New Here

New Here

New Here

General Session 3

September 16, 2018 Speaker: Carl Hargrove Series: Family Camp - 2018

Topic: Evangelism Passage: Colossians 4:2–4:6


Why don't you pray with me. Father, thank you for Your goodness and mercy. We pray that in the moments ahead, that You would use Your Word; that it would encourage our hearts, that we can rest firmly in You. Thank you for the wonderful testimonies that You heard and how appropriate they are even in the topic that we're going to look at from Your Word now. We pray that it will be an encouragement to us all, God. And that You would use it and everything that happens in these moments ahead, that Christ would be glorified. So, give grace, I pray in Christ's name, amen.

Well, it's good to be with you again for this final lesson in our topic on “Prayer and Evangelism”. And before I say anything else, I need to remember (I had mentioned it before) most of you may know Hohn Cho who visited with me twice. He wanted me to extend his greetings and send his love to you all. So, I need to do that.

I'm excited about this final lesson because it ties in so appropriately to what's going to happen even after the service. As we've heard two testimonies of God's grace, how the grace of God sought out two of His children who were His children before they even breathed the breath of life. And even as you heard before, there was even a universe that He knew them by name, which is just a wonderful thing to think about and to consider, when we realized that God had a foreknowledge of us. He fore-loved us even before we existed, and He had determined in His own mind that He would save those who are His own.

When you think about the importance of that call, the importance of that reality, God calling people to saving knowledge of Christ, then you would think you want to participate in that. And if that's the most important thing that a person can be involved in, if that's the most important thing in the universe (and it is) - that is God's redemptive plan unfolding and people being called to faith, one would think that, “I want in on that. I would like to participate in that. I want to be involved in God's redemptive plan. I want to participate by being an ambassador for the Lord Jesus Christ and calling people to faith in Him.”

That's the purpose of the church. That's the purpose of your existence. That is why we are here. I mean, we gather and we have things like on a normal service, a time of fellowship, a time of singing, a time of announcements, of gathering up our resources. But all of that is moving in one direction, and that direction is that we be a people who are representing the Lord Jesus Christ in the world, so that we can witness to them that they might come to faith. That's why we linger here. That's why we have the breath of life even, I'm proposing. And we have to walk in this world, but we have to do it wisely.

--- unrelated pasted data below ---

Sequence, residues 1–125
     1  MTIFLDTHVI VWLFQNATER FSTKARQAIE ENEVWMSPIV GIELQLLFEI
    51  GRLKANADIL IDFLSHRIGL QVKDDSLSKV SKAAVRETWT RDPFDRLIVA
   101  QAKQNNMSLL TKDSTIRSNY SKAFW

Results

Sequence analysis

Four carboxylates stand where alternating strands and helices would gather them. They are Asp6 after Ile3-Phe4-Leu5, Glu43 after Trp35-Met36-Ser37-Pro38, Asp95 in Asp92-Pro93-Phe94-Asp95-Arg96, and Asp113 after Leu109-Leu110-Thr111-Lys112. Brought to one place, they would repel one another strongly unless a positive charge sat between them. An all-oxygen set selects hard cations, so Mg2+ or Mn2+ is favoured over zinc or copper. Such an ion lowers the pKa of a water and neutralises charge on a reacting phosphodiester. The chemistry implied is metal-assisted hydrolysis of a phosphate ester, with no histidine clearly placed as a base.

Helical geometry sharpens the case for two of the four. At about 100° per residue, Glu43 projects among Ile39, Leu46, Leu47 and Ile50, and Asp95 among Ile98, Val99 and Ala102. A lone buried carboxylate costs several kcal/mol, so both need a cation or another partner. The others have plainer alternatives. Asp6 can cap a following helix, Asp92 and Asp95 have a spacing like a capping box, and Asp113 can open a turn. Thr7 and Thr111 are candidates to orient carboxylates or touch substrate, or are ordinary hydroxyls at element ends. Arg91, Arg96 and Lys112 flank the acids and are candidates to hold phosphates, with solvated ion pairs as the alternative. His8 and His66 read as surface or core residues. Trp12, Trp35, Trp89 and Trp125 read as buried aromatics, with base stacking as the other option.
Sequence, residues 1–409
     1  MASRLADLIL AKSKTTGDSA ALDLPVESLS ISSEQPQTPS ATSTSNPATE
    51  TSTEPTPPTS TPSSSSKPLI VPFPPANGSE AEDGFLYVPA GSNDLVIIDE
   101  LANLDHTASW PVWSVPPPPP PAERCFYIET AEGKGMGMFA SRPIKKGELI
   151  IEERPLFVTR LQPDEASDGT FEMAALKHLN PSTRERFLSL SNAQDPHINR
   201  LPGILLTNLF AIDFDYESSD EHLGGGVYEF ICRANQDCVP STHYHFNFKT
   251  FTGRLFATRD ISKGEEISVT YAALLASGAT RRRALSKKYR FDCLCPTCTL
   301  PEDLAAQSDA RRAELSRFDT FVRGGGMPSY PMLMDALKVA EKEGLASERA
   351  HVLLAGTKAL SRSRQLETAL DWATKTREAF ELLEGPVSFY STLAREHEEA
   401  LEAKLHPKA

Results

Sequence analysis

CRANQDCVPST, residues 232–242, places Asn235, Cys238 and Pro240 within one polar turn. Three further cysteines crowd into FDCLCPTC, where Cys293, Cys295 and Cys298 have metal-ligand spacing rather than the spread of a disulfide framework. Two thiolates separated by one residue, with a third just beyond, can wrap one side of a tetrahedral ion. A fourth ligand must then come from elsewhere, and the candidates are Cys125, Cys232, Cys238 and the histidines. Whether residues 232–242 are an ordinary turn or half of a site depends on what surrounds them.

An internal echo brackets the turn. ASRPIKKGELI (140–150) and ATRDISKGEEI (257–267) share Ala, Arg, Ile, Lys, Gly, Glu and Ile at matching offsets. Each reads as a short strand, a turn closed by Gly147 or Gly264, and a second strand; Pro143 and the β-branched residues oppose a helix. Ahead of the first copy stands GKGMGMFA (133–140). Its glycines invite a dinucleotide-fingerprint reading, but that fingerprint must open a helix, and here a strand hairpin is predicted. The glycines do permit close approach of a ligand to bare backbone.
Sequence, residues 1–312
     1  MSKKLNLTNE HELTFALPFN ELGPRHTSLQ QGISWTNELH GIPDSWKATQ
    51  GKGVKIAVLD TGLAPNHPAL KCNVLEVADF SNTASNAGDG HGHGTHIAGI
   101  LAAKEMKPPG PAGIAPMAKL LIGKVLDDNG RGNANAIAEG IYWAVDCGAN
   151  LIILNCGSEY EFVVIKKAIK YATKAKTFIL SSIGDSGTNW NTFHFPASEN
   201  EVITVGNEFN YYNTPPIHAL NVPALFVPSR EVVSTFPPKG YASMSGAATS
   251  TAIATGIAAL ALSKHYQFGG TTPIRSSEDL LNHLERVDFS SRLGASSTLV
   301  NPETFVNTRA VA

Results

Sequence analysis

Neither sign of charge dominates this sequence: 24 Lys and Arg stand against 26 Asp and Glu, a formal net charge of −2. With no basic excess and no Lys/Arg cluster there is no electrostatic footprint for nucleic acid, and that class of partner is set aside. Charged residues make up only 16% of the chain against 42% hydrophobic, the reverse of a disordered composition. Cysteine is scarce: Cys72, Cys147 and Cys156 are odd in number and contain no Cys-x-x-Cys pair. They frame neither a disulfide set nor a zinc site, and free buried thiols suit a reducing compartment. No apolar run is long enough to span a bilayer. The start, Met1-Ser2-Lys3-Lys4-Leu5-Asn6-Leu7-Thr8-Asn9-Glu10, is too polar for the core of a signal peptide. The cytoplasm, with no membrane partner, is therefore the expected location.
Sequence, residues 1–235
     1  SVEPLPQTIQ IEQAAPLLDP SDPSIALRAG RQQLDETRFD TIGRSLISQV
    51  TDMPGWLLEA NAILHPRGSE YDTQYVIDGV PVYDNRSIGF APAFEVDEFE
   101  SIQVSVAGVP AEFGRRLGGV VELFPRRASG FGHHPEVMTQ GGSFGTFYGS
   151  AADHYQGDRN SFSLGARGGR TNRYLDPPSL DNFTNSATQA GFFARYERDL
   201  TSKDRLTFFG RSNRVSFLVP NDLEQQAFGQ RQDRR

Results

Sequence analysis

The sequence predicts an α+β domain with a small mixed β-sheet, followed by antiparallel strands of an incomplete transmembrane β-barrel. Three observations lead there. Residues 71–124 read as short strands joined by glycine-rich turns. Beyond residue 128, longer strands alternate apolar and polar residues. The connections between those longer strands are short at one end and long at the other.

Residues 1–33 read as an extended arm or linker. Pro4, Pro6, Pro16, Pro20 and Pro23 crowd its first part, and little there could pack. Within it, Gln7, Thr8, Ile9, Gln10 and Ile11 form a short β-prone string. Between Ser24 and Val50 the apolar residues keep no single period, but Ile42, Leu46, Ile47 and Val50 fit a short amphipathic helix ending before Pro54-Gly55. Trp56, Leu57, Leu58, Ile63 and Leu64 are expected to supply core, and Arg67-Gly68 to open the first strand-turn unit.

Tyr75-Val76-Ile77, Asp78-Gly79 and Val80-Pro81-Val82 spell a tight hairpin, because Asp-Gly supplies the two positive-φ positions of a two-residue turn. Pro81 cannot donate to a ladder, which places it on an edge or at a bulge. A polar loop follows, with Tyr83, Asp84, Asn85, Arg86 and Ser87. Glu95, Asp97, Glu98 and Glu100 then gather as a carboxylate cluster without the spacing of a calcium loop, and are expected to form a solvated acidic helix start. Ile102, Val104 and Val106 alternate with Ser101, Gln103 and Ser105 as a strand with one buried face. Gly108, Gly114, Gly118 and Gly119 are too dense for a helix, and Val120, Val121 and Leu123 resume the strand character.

And I have entitled this lesson “Wise Evangelism”. We could even say that perhaps it's simply walking wisely in the world. And we walk this way for an ultimate goal, so that we can be those wise ambassadors for the Lord Jesus Christ. And as you see the outline, which we're going to look at from Colossians 4:5-6, there are three parts that we want to consider. There are three aspects of this wise walk, or wise evangelism, which is number one: that we will walk with wisdom in the world.

The text is clear. It says that we're to conduct ourselves with wisdom towards outsiders. And then secondly, we want to consider how do we walk with opportunity in the world. Because the text says well, which we'll look at in a moment and obviously more in depth, “making the most of the time”, or “making the most of the opportunities”. “Let your speech always be with grace as though seasoned with salt.” Then Paul says, finally, “Walk with eternal purpose in the world.” And we might even change that title and we could even say, “Walk with personal awareness in the world. Purpose awareness in the world.” Because he ends the passage by saying, “So that you will know how to respond to each person.” You can see the movement even of these two verses, everything is moving towards, “So that you will know how. So that you will know how, so that you will know how to respond to each person.” But that requires wisdom, it requires insight, it requires discernment, if you will.